With the development in recent years that the protein indicative of Alzheimer’s — amyloids — isn’t exclusive to the elderly and can actually appear in people’s brains as early as in their 20’s (yikes), many of us are left wondering how to prevent Alzheimer’s disease earlier in life rather than later. Luckily, there are numerous proven ways to delay and prevent the onset of the disease, even when unavoidable elements like aging and genetic history may not always be in your favor. Here are six tips on how you can actually “rewire” your brain’s nerve cells to keep your brain going strong for longer.
Meditation, tai chi, and other similarly relaxing, mind-clearing activities have been shown to improve cognition and rewire the brain, in a sense, according to the author of Two Weeks to a Younger Brain, Gary Small, M.D. And while meditation may be the best method of the bunch when it comes to keeping your mind young and performing at its best, any activity that reduces stress will produce a similar effect.
Maintaining a balanced diet and exercise, like with all health issues, is one of the first steps to preventing Alzheimer’s and dementia. A healthy lifestyle – particularly when combined with a varied diet, regular exercise, and no smoking – will put you at an advantage and minimize risks to your brain. For exercise, Dr. Small recommends a balance of strength training and cardiovascular exercise.
Get those omegas.
One of the key ingredients to a healthy heart and brain is sufficient intake of omega-3 fats. While most people get a regular dose of omega fats, it is too often imbalanced by an excess of omega-6’s, which are found in meat and vegetable oils, and not enough omega-3’s, which are found in fish, nuts, and flax seeds.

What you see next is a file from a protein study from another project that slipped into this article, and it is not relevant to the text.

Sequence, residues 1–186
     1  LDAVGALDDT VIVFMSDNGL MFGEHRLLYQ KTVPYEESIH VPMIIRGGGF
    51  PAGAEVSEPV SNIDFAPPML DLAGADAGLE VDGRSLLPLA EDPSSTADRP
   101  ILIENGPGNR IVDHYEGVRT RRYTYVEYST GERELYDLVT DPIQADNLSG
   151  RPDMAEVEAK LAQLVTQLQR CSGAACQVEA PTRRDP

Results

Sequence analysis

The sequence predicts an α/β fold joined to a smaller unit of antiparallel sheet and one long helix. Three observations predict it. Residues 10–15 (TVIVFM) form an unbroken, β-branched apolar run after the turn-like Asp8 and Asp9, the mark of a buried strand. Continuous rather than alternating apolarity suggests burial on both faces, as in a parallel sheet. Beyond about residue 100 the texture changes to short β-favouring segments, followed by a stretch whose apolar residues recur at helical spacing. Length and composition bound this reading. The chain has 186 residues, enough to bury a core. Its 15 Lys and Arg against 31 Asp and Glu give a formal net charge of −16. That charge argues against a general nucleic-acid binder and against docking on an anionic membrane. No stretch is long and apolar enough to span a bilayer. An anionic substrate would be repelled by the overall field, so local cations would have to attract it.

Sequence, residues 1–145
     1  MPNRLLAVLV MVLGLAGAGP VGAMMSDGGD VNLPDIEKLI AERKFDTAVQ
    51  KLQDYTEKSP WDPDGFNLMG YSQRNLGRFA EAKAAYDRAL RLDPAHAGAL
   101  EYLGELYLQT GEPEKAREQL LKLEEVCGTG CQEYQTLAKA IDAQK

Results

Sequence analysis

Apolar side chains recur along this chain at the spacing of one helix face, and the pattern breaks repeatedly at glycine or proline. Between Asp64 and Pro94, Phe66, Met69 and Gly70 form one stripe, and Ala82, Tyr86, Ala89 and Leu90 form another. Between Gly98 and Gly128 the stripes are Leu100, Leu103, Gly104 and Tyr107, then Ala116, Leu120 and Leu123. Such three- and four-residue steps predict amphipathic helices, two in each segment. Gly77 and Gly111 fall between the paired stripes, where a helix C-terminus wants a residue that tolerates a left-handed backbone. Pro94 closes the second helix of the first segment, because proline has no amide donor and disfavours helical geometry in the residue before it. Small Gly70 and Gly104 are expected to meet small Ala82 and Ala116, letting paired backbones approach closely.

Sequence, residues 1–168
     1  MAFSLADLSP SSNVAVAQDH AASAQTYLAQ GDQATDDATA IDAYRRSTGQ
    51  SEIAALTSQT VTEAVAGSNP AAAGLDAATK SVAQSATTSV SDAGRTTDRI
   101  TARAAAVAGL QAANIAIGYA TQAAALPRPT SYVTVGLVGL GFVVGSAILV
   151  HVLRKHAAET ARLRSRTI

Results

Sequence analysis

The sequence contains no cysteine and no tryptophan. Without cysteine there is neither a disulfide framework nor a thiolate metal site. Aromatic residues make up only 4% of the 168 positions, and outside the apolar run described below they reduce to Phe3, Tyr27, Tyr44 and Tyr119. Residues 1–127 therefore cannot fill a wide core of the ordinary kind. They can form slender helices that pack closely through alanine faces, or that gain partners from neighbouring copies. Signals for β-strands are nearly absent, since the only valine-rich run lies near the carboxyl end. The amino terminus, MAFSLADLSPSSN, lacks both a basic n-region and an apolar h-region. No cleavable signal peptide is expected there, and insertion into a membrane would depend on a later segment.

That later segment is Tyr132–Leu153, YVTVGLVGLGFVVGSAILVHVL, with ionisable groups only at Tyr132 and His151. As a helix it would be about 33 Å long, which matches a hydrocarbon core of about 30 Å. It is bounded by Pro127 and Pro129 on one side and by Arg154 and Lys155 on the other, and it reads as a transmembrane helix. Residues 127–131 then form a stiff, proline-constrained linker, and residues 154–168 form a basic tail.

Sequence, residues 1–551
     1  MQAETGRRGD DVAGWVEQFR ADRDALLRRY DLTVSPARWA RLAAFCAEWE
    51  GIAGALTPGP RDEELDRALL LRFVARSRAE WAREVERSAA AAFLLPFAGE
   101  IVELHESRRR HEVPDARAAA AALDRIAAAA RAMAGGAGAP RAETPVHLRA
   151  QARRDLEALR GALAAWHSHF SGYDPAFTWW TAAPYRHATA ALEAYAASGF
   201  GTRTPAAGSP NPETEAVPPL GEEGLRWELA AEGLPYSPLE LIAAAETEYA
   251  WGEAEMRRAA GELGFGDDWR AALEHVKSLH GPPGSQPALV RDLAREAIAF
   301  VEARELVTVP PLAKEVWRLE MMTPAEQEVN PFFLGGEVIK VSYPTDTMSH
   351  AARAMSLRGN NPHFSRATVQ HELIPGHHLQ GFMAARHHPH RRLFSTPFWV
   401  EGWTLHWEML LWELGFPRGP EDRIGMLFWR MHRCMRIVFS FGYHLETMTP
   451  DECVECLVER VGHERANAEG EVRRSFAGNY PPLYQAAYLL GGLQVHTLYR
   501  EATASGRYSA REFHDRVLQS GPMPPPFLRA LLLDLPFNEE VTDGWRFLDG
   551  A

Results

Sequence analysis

Okay, this is one of those tips that should more or less go without saying, but for the sake of driving the point home, we’ll reiterate it anyway. According to the Alzheimer’s Association, there’s often a correlation between head trauma and Alzheimer’s disease, especially when the trauma involves a loss of consciousness. While head injuries are often unexpected, simple preventative measures like wearing a seatbelt in the car or a helmet when riding a bike are important to keeping your brain safe from trauma-related damage.
Although no specific connection has been identified, doctors have often found that traditional social interactions, as opposed to virtual ones, lower the risk of Alzheimer’s. This is possibly because it keeps the neural connections in the brain active, and has many of the same benefits as mental stimulation. Even without that added benefit, social connections have been shown to increase empathy and communication skills and improve mood overall. Long story short? Give your phone a break and try, you know, face-to-face chats. (Major, we know.)
Stimulate your mind.
The key to keeping a brain healthier for longer can often be as simple as keeping it active. Some ways to continuously stimulate the brain are to shake up routines by rotating tasks or multitasking when possible. You can also turn to more novel methods like doing puzzles or completing brain exercises like Sodoku or crossword puzzles. Looking for something a little more involved? Take up new activities like baking, gardening, playing an instrument, or a book club. Anything that gets you to challenge your mind in new ways is key here.